Democracy in the UK is dead. After being elected by just 0.13 per cent of the population, last week Boris Johnson announced the suspension of parliament until October 14, giving MPs just two and a half weeks to stop a No Deal Brexit. On Saturday (August 31), thousands of protesters marched across the UK to show their anger at the prime minister’s decision.
Major demonstrations took place in Belfast, Manchester, Glasgow, and more, with people bringing central London to a standstill as they chanted: “Boris Johnson, shame on you.”
The prime minister has been widely criticised for his decision to prorogue parliament – which came just one week after 100 MPs signed a letter urging Johnson to end summer recess early – which is now rightly being referred to as a coup d’etat. Named ‘Stop the Coup’, the weekend’s protests drew tens of thousands of people.
Journalist Ben Smoke, who attended the demonstration, told Dazed: “Boris Johnson trying to usurp parliament in order to placate the far-right first for a No Deal that will only exacerbate the horrors of a decade of Tory rule is such an unprecedented and dangerous move, and it felt important to be on the streets, fighting it.”
He continued: “People are, rightfully, angry and terrified, and you could feel it in the air on Saturday. I hope this energy and this anger continues, and that the sheer audacity of trying to bypass democratic structures in order to hammer home a self-serving No Deal Brexit by Johnson will ignite a movement against the Tories and see them finally out of power, so we can start to rebuild and repair some of the damage they’ve done.”
Photos from the march show huge crowds of people – young and old – brandishing EU flags, chanting “stop the coup”, and holding signs reading ‘Bring down Boris’, ‘Coup do you think you are?’, and ‘Defend democracy’.
Speaking in Glasgow, Jeremy Corbyn told the cheering crowd: “Demonstrations are taking place everywhere because people are angered and outraged about what is happening. Nobody voted to lose their rights or give up on their democracy.” The Labour leader also directly addressed Johnson, asserting: “No way do you take us out without a deal. We will stop you and give the people their right, and their say to determine their future.”
Shadow chancellor John McDonnell spoke in London, telling Johnson: “This is not about parliament versus the people, this is about you versus the people.” Protesters in the city also blocked traffic along Westminster Bridge, declaring: “If you shut down our parliament, we shut down your bridge.”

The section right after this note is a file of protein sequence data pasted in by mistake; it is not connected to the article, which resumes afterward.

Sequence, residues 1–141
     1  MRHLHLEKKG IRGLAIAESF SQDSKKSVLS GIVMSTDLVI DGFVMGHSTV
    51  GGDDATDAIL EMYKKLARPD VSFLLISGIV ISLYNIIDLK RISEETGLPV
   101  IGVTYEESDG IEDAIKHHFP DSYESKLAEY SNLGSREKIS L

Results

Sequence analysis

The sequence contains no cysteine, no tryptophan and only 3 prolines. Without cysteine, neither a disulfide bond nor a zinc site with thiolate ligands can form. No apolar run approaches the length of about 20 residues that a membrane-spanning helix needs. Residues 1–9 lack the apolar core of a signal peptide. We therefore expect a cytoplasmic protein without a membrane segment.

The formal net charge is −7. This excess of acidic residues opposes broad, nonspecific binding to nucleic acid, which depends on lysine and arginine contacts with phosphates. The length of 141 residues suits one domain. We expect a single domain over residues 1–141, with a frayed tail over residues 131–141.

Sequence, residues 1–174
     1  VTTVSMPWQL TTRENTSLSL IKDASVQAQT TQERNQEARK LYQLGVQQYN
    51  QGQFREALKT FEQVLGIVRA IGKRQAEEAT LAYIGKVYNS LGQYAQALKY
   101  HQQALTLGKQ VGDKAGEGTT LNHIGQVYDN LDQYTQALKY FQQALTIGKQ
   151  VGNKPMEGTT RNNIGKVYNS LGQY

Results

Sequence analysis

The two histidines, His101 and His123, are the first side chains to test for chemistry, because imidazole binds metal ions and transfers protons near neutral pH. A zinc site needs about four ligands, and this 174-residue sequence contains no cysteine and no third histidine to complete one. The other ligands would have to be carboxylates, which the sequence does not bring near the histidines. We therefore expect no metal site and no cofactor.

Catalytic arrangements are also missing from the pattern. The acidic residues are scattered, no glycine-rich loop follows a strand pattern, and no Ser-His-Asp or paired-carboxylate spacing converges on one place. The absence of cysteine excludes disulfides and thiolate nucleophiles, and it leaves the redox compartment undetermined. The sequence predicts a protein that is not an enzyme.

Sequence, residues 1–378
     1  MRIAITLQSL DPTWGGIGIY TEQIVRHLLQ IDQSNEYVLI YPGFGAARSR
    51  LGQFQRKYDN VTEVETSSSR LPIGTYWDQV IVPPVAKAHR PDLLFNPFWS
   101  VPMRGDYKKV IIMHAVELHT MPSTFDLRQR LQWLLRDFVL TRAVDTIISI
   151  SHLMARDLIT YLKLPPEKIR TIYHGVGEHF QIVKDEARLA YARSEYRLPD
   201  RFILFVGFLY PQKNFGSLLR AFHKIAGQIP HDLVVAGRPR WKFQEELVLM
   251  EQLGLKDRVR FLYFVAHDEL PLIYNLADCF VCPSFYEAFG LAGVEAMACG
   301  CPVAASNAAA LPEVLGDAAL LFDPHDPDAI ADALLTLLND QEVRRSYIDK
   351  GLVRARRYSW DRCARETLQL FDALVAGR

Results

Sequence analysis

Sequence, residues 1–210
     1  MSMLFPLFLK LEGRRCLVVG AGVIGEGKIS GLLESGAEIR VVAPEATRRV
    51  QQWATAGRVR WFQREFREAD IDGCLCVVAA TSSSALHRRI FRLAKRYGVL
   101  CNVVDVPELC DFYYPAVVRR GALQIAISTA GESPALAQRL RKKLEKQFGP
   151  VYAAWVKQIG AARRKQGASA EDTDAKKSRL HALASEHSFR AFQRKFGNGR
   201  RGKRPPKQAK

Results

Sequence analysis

Although parliament has infrequently been prorogued in the past, political commentator Ash Sarkar wrote in an op-ed for Dazed that Johnson’s decision is “the most craven and cowardly attack on representative democracy” since 1629. Rarely commenting on political announcements, House of Commons speaker John Bercow described the suspension as a “constitutional outrage”, expanding in a statement: “However it is dressed up, it is blindingly obvious that the purpose of prorogation now would be to stop parliament debating Brexit and performing its duty in shaping a course for the country.”
“People are, rightfully, angry and terrified, and you could feel it in the air on Saturday” – Ben Smoke
When confronted about the decision’s insult to democracy, Johnson rebutted, “that is completely untrue”, claiming parliament needs to focus on new legislative programmes, and that there will still be “ample time for MPs to debate the EU, Brexit, and all the other issues”.
Further evidence that Johnson is running his government like a dictatorship came this morning as the prime minister announced that any Tory MP who goes against him will have their whip withdrawn (meaning they will keep their parliamentary seat but will sit in the Commons as an independent MP), and will be barred from standing as Conservative candidates at the next general election. Undeterred, rebels told Sky News they will still support efforts to block No Deal.
MPs officially return to Westminster tomorrow (September 3), with rebel and opposition MPs predicted to request an emergency debate. According to the Guardian, in order for MPs to seize control of the parliamentary timetable for the week ahead, they will need to table a business motion. If approved by Bercow, MPs can then table a new short bill ordering Johnson to seek an extension to article 50 in an attempt to prevent No Deal.
Giving a speech outside parliament just moments ago, Johnson enforced his do-or-die attitude to Brexit, asserting the UK will leave on October 31. The prime minister made it clear he did not want a general election – though it’s been suggested there could be one on October 14 if rebel MPs defeat the government – and hopes MPs don’t vote tomorrow to rule out No Deal. With parliament potentially prorogued from Monday (September 9), this will be a historic week for UK politics.